TFB Armorer's Bench: Diagnosing and Assessing an S&W 642 Airweight

by Sam.S

Welcome everyone to the TFB Armorer’s Bench! As mentioned in the little blurb, this series will focus on a lot of home armorer and gunsmith activities. In this article sponsored by Wheeler, Tipton, Caldwell, and Frankford Arsenal, I had a chance to take some time with a customer firearm and I figured it would make a fun sort of diagnostic article. The last time we did an article like this was with light strikes on a Chiappa 1887 lever-action shotgun and also investigating the lockup on a reproduction Remington 1858 revolver. Most of the time I don’t have a chance to stop and take pictures for articles when working on stuff for customers or friends. I am not the type of person to stop in the middle of a project for fear of forgetting something. It is always better to give the workpiece my full attention. In this situation, however, it was a simple fix paired with a mystery of sorts. Let’s dive into diagnosing a Smith & Wesson Airweight and its disappearing cylinder!

TFB Armorer’s Bench: Diagnosing and Assessing an S&W 642 Airweight

Welcome to our recurring series of Armorer’s Bench which is made possible and brought to you by Wheeler, Tipton, Caldwell, and Frankford Arsenal who are our sponsors. Here, we at TFB hope to inform, entertain, and even inspire any would-be gunsmith or armorer out there. Ideally, with the information I provide and with the help of our sponsors, you can have some useful knowledge pertaining to the conservation and improvement of firearms technology while at the same time sharing experiences and teaching each other new tips and tricks along the way in the comments. Digging deep into what it is to be an armorer or gunsmith has significance but what is important is what those people do to show they’ve earned that title. I am happy to share my experiences and knowledge and hope it is informative!

Make your personal safety a priority:

  1. Practice proper gun safety. Always make sure before the firearm hits your bench that it is unloaded and safe to be handled.
  2. Wear the proper safety equipment. The main one would be safety glasses (decent ones) since parts are often under spring tension and you may work with high RPM tools. Other honorable mentions would be latex gloves or a respirator when working with potentially harmful solvents and oils. Also hearing protection when working with loud machinery or test-firing firearms.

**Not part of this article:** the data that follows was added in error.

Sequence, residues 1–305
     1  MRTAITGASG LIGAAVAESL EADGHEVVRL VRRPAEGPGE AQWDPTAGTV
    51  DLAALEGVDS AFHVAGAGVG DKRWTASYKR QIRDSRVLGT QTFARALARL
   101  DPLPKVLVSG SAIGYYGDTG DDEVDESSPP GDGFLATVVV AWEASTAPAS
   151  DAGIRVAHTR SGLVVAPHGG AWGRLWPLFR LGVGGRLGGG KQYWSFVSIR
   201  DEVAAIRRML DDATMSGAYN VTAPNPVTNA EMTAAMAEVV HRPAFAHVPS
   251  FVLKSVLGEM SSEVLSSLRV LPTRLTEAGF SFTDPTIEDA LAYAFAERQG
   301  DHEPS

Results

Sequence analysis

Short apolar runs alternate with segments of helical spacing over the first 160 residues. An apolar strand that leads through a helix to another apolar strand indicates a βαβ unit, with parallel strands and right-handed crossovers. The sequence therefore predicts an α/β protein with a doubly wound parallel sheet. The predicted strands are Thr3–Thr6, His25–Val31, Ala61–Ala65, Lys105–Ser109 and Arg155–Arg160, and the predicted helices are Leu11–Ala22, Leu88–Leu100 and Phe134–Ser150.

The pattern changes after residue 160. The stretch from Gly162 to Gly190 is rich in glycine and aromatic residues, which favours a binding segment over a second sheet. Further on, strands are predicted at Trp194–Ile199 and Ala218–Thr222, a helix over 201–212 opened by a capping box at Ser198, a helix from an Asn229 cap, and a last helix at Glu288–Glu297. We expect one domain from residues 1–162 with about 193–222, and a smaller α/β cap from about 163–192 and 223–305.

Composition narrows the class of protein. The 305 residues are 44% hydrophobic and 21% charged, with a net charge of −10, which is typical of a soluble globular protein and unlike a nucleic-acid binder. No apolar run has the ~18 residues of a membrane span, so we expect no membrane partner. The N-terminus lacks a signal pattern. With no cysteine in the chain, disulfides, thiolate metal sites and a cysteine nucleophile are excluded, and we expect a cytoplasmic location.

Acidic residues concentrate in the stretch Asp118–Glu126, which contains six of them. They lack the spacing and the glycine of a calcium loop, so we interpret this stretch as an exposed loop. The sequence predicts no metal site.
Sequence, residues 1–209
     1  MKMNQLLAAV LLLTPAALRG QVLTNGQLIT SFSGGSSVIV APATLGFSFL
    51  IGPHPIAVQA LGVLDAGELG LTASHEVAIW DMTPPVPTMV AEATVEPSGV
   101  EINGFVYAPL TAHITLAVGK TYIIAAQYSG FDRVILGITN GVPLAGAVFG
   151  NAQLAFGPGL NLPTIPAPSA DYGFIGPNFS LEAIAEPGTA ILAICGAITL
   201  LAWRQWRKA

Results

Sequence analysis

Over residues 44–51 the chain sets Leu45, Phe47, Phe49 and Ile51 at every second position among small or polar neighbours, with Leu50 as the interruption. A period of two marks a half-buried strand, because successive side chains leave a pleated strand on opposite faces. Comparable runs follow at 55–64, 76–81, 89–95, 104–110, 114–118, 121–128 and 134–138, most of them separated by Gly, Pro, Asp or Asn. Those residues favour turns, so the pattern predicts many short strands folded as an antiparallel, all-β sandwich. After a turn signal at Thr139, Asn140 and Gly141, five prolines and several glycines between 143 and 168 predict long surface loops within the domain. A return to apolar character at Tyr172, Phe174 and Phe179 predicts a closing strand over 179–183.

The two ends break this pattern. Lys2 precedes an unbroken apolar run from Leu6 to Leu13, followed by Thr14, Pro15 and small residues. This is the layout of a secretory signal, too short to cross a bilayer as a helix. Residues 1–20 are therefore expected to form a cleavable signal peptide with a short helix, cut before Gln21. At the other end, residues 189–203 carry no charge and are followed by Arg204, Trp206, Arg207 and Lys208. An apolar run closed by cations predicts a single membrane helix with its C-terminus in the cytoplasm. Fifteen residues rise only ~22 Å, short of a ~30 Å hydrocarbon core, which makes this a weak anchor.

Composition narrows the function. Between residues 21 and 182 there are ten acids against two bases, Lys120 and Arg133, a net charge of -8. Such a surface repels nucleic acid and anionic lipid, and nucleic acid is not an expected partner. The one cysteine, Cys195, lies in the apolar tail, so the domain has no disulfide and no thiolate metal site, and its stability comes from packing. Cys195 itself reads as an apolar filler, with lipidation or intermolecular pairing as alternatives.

3. Modifications, alterations, and customizations will void your firearm’s warranty 9.5 times out of 10. Please take that into consideration before attempting any at-home gunsmithing.
  4. If you are unsure about proper safety practices, disassembly procedures, or warranty standards, stop, put down the tools, and consult a competent gunsmith.

The Issue – Diagnosing and Assessing an S&W 642 Airweight

This Smith and Wesson 642 Airweight came in with its yoke and cylinder removed. The grip was a laser grip I had already removed before thinking to take pictures. As I mentioned in the introductory blurb, this is a pretty short and simple fix but I wanted to share it because I can explain how something like this 642-2 Airweight’s Yoke system is retained just for fun but also the weird and potentially false story I was told regarding it.

Smith & Wesson Airweight

The Story – Diagnosing and Assessing an S&W 642 Airweight

So this Smith and Wesson 642-2 Airweight came in with its cylinder and cylinder yoke removed from the frame. The customer seemed nice enough and honest so you can form your own observations on the story I was told. The story went somewhat as follows:

“So, I was at home working with my gun and I dropped it. When I dropped it the cylinder fell out and fell apart. It took me a while to find the cylinder because it rolled under a piece of furniture.”